Northwestern University hazing lawsuits on new track after claims school attorneys mishandled confidential information

The hot-button lawsuits related to Northwestern University’s hazing scandal — some alleging widespread abuse on the football team, another claiming ex-coach Pat Fitzgerald was wrongly fired — will be consolidated for the time being, a Cook County judge ruled this week.

The decision came after attorneys representing ex-players accused Northwestern’s lawyers of using confidential information obtained in the former players’ lawsuit to help craft their strategy in the separate Fitzgerald case. A lawyer for Northwestern denied that accusation in court this week.

But as a consequence, the cases are now on far different tracks than they were just a few weeks ago.

Broadly speaking, the lawsuits from former players appeared to be on their way to a settlement, and the Fitzgerald lawsuit was headed for trial next year.

But now there appears to be little hope of resolving the ex-players’ suits via mediation, attorneys said. That process “has gotten us not only nowhere but backward,” attorney Lance Northcutt , who represents multiple former players, said in court Tuesday.

“Northwestern has used the mediation process in what’s essentially an attempt to inform its litigation during the Fitzgerald (lawsuit),” Northcutt said, telling the judge there might still be a possibility of reviving mediation but the cases should move toward trial.

Attorney Heather Waller, representing the school, responded that they strenuously disagree with Northcutt’s claims about Northwestern’s conduct, but “it appears we’re at a point in time where some litigation will need to go forward.”

Meanwhile, the 2025 trial date in Fitzgerald’s lawsuit against Northwestern was canceled, and it is not immediately clear when it could be rescheduled.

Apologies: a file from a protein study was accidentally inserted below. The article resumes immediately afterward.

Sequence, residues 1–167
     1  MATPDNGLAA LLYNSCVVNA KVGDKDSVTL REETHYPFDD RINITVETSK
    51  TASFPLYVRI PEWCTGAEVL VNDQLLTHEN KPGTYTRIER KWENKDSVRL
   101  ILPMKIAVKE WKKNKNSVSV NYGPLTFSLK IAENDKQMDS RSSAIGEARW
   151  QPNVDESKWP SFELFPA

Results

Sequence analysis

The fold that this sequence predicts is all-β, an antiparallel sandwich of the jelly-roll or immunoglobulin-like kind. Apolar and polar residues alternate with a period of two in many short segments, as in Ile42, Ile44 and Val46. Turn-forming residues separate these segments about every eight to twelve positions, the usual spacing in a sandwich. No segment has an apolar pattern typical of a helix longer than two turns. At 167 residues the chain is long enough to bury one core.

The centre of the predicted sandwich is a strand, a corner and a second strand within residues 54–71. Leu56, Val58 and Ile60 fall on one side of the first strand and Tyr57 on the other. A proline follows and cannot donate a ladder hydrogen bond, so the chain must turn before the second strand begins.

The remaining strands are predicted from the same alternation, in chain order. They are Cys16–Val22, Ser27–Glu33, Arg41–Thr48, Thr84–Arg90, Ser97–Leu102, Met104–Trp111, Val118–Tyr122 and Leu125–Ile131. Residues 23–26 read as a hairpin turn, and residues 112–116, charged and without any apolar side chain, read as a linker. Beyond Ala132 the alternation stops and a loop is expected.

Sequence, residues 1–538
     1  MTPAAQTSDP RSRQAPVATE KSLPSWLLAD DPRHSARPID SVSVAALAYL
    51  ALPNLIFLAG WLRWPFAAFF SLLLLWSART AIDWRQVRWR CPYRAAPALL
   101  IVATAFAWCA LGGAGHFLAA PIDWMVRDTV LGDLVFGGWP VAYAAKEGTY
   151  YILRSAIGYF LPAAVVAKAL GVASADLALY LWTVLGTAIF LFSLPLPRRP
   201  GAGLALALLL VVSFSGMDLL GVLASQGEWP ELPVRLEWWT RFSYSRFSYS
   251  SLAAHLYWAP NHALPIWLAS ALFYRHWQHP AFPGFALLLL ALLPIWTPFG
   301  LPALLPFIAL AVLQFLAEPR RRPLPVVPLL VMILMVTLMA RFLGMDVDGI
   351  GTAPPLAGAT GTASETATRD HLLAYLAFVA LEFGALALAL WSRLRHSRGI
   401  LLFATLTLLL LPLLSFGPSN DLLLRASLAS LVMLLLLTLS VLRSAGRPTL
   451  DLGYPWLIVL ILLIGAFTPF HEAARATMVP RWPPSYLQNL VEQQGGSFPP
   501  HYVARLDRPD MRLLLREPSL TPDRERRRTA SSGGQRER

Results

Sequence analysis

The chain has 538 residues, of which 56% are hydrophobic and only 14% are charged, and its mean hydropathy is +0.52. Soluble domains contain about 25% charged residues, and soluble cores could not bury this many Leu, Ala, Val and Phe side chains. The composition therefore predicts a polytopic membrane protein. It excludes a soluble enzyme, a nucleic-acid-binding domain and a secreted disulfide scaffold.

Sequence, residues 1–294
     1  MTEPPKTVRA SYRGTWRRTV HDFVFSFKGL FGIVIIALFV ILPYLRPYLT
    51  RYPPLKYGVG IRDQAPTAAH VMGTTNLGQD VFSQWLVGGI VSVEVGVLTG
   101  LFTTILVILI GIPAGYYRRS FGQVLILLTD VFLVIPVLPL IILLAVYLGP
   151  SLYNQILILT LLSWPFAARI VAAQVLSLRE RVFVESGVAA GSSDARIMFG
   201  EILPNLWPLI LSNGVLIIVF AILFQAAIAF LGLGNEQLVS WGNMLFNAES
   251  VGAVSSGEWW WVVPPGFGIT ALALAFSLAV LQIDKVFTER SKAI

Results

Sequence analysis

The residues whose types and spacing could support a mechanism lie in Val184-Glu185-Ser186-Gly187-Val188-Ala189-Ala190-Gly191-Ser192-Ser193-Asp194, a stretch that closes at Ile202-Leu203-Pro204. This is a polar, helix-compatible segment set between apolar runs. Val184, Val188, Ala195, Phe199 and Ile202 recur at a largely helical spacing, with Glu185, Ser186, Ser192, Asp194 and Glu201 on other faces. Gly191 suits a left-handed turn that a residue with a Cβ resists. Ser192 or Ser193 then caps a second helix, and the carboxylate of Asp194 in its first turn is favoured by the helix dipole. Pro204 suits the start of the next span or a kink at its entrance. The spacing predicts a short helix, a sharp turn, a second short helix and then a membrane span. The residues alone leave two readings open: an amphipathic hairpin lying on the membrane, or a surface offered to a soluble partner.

The cases will now be consolidated for the discovery phase, in which attorneys seek information and exchange potential evidence. In a statement Wednesday, lawyers for the ex-players said they intend to ask that the cases be consolidated for trial as well.

“Both the hazing litigation and the Fitzgerald lawsuit name Northwestern University, and all cases have multiple overlapping issues,” the statement reads. “The same allegations of abuse cited in the hazing litigation are the same allegations that became the catalyst for Fitzgerald’s termination, of which he complains in his lawsuit.”

The lawsuits were filed in the wake of snowballing allegations of hazing on the Wildcat football squad. Multiple former players have filed suit against the school, saying they suffered physical, sexual and racist abuse during their time on the football team.

The scandal surfaced last summer, when the university released a summary of an outside investigation into allegations on the football team. At the time, the school suspended Fitzgerald for two weeks. Three days later, after a bombshell story in The Daily Northwestern detailed a former player’s account of hazing, Fitzgerald was removed as head coach.

In October, Fitzgerald filed a suit of his own, saying his firing amounted to a breach of contract and accusing Northwestern of “callous and outrageous misconduct in destroying his career.”